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Monthly Archives: January 2014

Marketing and Communications | January 08, 2014

Fans of Game of Thrones have until February 7, 2013, to visit the George R. R. Martin Deeper than Swords exhibit at Cushing Memorial Library and Archives before it closes. The exhibit showcases objects, editions and manuscripts from the best-selling author’s prolific writing career. The collection forms the capstone of Texas A&M University Libraries’ internationally recognized Science Fiction and Fantasy Research Collection.

As the exhibit closes, the Libraries will broaden the dimensions by adding “filk” related materials to its science fiction collection. Filk is best described as a musical culture, genre and community among science fiction and fantasy fans, which is a manifestation of fan labor to create a wide-range of musical styles and topics.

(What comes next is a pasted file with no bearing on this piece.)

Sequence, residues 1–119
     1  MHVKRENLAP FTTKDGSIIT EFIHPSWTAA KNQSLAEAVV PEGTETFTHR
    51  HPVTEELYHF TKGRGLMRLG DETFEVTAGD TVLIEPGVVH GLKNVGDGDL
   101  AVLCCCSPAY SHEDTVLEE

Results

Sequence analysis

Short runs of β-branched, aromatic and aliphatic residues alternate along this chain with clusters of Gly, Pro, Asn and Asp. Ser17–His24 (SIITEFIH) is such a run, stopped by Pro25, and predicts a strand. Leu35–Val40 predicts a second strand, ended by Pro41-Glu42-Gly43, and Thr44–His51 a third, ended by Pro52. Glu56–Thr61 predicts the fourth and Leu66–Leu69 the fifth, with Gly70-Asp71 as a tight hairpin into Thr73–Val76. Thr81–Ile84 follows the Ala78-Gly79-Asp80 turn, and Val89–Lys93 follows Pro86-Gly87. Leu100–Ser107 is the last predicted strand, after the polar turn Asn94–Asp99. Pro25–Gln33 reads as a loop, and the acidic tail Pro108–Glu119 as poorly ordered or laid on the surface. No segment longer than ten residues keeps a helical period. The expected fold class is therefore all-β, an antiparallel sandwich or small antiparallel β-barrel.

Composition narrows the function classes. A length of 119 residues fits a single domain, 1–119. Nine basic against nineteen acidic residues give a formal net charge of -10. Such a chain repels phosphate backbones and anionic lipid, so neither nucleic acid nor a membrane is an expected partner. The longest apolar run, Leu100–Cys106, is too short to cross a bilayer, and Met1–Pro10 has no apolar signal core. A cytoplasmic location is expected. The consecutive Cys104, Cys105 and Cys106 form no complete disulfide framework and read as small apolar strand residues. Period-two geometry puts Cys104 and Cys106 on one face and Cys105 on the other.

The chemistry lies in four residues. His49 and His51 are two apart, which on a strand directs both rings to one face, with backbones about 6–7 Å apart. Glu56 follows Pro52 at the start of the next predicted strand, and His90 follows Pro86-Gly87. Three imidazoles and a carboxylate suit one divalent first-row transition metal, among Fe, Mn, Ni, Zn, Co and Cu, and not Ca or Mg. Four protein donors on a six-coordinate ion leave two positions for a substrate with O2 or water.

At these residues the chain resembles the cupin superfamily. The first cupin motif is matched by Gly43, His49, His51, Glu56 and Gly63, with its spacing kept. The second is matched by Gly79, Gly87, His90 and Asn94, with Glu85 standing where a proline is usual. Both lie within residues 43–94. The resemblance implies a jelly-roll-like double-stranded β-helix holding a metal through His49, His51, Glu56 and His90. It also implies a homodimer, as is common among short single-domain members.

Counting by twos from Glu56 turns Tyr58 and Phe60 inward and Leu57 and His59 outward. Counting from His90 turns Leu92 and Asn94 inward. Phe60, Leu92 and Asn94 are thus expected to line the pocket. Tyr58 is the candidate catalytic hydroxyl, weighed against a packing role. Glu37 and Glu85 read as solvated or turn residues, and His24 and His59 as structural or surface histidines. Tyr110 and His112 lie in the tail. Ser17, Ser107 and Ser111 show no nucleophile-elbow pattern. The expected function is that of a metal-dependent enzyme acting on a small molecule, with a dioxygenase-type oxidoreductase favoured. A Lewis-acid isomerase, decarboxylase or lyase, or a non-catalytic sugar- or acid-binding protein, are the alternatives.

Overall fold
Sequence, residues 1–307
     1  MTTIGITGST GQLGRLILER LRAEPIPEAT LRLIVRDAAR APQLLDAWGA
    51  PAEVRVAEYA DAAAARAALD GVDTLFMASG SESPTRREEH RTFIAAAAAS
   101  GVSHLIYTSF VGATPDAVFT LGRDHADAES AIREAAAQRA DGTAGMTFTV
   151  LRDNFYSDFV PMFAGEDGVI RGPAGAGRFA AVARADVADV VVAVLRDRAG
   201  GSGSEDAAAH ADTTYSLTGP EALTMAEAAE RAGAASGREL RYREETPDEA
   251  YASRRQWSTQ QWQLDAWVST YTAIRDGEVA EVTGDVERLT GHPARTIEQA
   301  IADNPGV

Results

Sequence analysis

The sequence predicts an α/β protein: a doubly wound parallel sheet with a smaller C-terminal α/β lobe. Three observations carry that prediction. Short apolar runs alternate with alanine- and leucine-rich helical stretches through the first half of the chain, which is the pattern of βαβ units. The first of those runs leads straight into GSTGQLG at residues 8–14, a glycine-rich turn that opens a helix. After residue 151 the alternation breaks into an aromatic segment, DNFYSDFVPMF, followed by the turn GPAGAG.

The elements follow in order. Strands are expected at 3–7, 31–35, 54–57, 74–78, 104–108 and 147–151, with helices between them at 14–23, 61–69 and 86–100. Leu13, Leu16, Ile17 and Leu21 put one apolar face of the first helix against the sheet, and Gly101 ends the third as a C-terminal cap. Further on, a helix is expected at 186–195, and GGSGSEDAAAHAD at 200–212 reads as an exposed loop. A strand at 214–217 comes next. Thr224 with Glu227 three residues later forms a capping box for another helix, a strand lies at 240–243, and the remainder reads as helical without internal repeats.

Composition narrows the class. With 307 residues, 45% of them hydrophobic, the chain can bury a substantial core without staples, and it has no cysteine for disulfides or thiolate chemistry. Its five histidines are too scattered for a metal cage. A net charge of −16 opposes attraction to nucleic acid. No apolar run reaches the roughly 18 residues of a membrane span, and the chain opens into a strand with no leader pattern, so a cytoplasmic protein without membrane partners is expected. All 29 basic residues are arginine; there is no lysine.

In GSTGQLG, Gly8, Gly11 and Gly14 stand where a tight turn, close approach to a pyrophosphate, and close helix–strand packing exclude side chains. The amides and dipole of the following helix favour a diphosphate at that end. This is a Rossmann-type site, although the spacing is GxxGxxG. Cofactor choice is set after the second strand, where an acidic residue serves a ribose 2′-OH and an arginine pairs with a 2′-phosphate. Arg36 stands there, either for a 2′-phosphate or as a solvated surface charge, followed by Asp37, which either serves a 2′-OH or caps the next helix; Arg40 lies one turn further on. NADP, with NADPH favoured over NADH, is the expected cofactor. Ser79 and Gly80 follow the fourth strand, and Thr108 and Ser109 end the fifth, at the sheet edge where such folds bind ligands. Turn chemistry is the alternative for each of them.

Science fiction conventions, as well as designated filk conventions, have various filk programming that includes concerts and late night filk circles, where music is performed and shared, as well as panels about music and fandom. Most filk conventions put out songbooks with songs submitted by members of the community to share with attending members.

The Cushing Library filk collection will showcase examples of these songbooks, as well as audio, video, digital recordings and fanzines and fanvids— which demonstrate the interest and affection for particular aspects of both literary and broadcast science fiction and fantasy media. The collection seeks to preserve the popular legacy of science fiction and fantasy by documenting and acquiring various fanworks. Cushing Library is also a depository for many books and materials of famous science fiction and fantasy authors, from the likes of George R. R. Martin to Joe Lansdale, Elizabeth Moon and Ray Bradbury, among others.